Founded in Nashville in 1879, Hatch Show Print is one of America’s oldest working letterpress poster and design shops. Despite the onslaught of technological innovations such as offset printing, graphic software, and laser and digital printers, Hatch Show Print continues to thrive in the twenty-first century. The fidelity of the shop to a hand-carved, hand-set, hand-inked, and hand-cranked ethic and aesthetic preserves a continuous link to the earliest days of commercial printing, while elevating letterpress design and printing to a high art.
Hatch Show Print’s history mirrors the spectrum of American entertainment from the late 1800s to the present. For 140 years, Hatch Show Print has provided performers of all stripes—from circuses, traveling vaudeville shows, and professional wrestlers to Grand Ole Opry stars and touring rock bands—with vibrant posters that combine color, individuality, and bold, tactile design. Hatch Show Print still designs and prints five hundred to six hundred different posters a year for classic and contemporary artists such as Willie Nelson, Dolly Parton, Jason Isbell, and Kacey Musgraves, and fulfills the needs of businesses and national brands.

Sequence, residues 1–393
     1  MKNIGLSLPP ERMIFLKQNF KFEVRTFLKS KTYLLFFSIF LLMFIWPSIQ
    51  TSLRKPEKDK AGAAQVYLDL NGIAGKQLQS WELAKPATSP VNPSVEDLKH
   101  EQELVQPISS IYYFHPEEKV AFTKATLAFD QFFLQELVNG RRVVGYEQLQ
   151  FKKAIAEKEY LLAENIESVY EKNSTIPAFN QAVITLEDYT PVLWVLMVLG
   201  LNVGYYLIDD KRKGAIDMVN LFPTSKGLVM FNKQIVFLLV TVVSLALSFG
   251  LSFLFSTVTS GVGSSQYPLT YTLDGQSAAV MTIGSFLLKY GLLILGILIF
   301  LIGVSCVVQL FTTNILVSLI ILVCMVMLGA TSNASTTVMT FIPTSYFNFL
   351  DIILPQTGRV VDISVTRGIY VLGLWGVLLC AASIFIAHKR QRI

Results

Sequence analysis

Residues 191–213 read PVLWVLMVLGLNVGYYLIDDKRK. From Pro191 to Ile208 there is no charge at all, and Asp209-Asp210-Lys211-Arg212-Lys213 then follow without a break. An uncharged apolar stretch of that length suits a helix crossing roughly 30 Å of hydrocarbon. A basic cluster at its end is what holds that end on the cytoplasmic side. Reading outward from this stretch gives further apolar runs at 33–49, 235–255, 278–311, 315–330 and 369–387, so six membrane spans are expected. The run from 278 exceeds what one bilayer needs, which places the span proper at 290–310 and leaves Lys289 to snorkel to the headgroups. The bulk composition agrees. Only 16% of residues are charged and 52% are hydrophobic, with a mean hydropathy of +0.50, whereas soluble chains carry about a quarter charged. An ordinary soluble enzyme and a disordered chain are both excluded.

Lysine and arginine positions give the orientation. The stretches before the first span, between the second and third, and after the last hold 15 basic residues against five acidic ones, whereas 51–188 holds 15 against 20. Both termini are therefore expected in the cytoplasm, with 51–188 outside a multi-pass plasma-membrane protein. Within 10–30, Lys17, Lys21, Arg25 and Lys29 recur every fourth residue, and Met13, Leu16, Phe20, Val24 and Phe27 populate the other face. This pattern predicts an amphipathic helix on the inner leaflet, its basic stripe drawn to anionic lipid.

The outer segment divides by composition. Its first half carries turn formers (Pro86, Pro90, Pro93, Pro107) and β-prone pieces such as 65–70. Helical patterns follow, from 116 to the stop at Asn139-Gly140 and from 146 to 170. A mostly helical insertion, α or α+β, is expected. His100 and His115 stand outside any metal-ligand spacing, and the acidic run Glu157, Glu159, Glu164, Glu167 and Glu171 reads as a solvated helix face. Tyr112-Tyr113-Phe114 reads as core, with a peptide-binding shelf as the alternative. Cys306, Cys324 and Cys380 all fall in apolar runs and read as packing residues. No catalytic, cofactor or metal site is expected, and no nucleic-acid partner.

Hatch Show Print secured its place in country music history through a close association with Nashville’s Grand Ole Opry. Today, the Opry ranks as America’s longest-running radio program. The show debuted in 1925 on WSM. By the 1930s, the weekly broadcast had also become a stage show, with a cast of professional entertainers—including Uncle Dave Macon, DeFord Bailey, and the Delmore Brothers—who toured widely and depended upon Hatch Show Print to supply posters for road shows. In 1943, the Opry moved to Ryman Auditorium, a short walk from the front door of Hatch Show Print, making it easier for country’s biggest names to order posters.
Will T. Hatch used his skill as a master carver to chisel and gouge the wood blocks, creating iconic images of Roy Acuff, Eddy Arnold, Red Foley, Bill Monroe, Minnie Pearl, Ernest Tubb, and other stars of the Grand Ole Opry. At a time when posters were often the only means of advertising effectively in small-town America, a Hatch Show Print poster was, as Minnie Pearl put it, “all you needed to let folks know the Opry was coming to town.”
This book focuses on the shop’s history, through the lens of country music, including the Grand Ole Opry, and many others who have contributed to the genre over the last century.
Paperback. 120 pages, illustrated with color photos.